Helpful Answer (3)
Report

The thing is, William - if something is painful to you, it doesn't really make much difference whether that pain is caused intentionally or otherwise - it still hurts, and you'd still better learn how to avoid it. That doesn't always have to be by avoiding it completely - you can, for example, metaphorically speaking, put on gloves before handling it. But thinking "he's old so I mustn't mind if he exploits or bullies or torments me" a) is not reasonable and b) can't last. Sooner or later you'll break down again, and then you'll be miserable and he'll get no practical support from you.
Helpful Answer (4)
Report

Okay this is what I heard initially: I see him once a year and it is strained and I am relieved to get away; then I heard things like, never was treated... and I am warming up to the narcissism approach, and understand that it was stated have mobility issues and even 4 hours away could be difficult to manage, keep tabs on aging parent.

Depending on age, even a doctor depending on patient's level of health issues or recent falls or ER requirements, which increase visits to 3 or 6 months. Several thoughts come to mind, and I think all the above comments are spot-on, but have mixed emotions about what I heard because sometimes these parents that are now aging didn't have the best parents either, and did the best they could given their circumstances.

I don't think it is always 100% that the parent intended to be selfish or spread guilt or other problems that may have impacted your growth. Of course, it really depends on the severity and types of issues, but you only have one father and one mother, biologically speaking and often many have neither but have great parents, so I guess what I am trying to say is you define yourself by what you do, and if that means being the better person and overlooking annoying qualities and focusing on finding common ground, then I think that is worth your time.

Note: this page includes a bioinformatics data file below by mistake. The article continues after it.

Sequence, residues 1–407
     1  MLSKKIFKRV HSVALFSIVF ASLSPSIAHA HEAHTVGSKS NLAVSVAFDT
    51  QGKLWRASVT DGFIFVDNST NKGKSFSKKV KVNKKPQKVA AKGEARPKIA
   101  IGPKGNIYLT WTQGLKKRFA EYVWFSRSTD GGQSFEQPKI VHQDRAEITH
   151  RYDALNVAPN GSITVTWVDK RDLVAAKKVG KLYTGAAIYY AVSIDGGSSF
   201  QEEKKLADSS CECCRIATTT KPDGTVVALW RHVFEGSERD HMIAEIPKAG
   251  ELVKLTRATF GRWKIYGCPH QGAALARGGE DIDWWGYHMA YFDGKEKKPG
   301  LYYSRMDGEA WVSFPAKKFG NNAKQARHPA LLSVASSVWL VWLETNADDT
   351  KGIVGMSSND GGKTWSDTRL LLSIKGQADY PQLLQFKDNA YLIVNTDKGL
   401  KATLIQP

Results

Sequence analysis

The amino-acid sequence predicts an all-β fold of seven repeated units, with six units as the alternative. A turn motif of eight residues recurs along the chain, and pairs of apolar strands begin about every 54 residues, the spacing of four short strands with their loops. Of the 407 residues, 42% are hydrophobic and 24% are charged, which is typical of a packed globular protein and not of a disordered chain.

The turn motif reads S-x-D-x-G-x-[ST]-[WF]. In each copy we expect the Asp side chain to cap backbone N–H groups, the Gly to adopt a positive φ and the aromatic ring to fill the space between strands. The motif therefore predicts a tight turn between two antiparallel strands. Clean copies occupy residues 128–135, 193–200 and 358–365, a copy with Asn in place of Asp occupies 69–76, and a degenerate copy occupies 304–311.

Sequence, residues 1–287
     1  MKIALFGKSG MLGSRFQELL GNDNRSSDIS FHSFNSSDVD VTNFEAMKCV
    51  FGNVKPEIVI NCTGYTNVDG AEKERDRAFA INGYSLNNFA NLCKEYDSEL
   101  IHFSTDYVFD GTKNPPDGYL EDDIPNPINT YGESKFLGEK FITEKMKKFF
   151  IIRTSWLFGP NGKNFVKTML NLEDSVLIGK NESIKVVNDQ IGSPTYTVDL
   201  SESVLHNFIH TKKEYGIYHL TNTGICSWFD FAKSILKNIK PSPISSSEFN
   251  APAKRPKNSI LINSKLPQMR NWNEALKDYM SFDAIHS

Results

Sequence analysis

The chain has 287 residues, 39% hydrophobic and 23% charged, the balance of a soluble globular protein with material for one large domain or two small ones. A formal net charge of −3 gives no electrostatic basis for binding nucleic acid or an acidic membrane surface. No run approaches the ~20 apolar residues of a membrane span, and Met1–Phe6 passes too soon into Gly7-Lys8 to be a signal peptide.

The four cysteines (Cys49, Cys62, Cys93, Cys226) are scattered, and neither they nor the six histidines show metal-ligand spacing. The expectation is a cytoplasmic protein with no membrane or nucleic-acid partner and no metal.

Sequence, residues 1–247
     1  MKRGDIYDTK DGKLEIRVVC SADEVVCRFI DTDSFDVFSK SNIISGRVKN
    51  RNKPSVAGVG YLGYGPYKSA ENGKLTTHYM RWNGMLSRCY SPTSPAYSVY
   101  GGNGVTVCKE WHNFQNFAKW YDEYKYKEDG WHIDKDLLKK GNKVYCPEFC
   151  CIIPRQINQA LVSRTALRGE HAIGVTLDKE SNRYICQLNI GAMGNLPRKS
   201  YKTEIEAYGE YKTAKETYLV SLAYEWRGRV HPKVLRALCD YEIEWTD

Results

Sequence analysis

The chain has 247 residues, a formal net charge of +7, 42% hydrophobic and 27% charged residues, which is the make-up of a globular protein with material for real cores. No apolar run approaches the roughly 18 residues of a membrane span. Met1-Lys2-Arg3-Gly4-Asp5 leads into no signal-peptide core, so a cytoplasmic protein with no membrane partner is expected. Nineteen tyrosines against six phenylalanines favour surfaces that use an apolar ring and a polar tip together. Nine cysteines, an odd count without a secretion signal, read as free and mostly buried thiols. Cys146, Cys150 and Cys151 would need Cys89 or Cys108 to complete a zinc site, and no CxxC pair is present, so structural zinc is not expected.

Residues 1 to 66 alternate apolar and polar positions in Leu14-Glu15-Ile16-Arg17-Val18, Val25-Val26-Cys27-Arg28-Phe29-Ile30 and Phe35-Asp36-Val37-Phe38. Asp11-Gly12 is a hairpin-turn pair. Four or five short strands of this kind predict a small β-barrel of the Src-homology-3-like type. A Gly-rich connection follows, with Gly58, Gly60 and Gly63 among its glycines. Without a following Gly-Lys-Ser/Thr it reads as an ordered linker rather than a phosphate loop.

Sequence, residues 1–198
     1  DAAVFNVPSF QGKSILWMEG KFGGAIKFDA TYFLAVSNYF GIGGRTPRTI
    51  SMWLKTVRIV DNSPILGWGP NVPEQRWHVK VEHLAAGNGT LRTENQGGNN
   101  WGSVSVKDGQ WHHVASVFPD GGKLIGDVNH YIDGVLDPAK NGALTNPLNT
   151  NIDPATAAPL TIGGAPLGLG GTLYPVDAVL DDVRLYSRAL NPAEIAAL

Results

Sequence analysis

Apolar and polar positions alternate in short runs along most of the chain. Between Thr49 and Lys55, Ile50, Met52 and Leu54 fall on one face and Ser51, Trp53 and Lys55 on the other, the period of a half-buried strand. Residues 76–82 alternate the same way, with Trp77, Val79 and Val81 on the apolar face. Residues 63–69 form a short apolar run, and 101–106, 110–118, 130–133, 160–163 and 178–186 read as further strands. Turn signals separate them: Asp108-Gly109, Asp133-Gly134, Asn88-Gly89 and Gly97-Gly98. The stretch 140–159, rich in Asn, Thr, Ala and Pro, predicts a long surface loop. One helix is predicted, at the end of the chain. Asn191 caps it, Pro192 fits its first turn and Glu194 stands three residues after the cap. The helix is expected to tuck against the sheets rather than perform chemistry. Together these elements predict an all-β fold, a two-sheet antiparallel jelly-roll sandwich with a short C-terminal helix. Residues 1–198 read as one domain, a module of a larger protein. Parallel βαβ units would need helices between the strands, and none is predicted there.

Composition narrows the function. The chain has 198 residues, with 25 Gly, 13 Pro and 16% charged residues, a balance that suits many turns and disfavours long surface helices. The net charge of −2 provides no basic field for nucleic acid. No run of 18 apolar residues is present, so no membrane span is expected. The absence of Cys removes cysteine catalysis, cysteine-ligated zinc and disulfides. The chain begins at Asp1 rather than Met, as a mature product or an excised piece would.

Once a year. Yea, I just cannot visualize how much you can expect to be relieved when one is talking about being, lets do the math 5 days out of 365 days a year = 1.3% annually engaged. But, I totally get it, sometimes, that is all you can muster. Who knows? Might find more answer is 15% engaged annually = 55 days out of the year, but think it takes more than that. Good luck!
Helpful Answer (0)
Report

Thanks Midkid58, your message is helpful. Your right about the same dynamic being there. If we spend a couple of days with him once a year, I start getting flashbacks of stressful/difficult times with him from childhood.
I'm sorry to hear about your experiences with your uncle. Therapy sounds like a valuable thing to do and am glad that it has helped you.
I think it's something I'm going to look in to.
Helpful Answer (1)
Report

"Narcissists charm people to use them, then discard them"...a really true statement!
DON'T bring your dad home. The same dynamic that existed in your childhood will still be there.
While it is sad that he is alone and sick, you didn't do this to him. Sadly, in life we reap what we sow. I'd work with your social workers to find him a safe place to live and continue to live my life. You owe him that much, as your father.
When my abusive, mean and horrid uncle died, (he had been in education for 40 years, so you'd think he'd have touched a few lives, right?) there were 20 people at the funeral, if that. I went b/c Mother needed a ride. His own kids were there. The pastor of his church was there. Seriously, 20 people, and nobody shed a tear or mourned a day.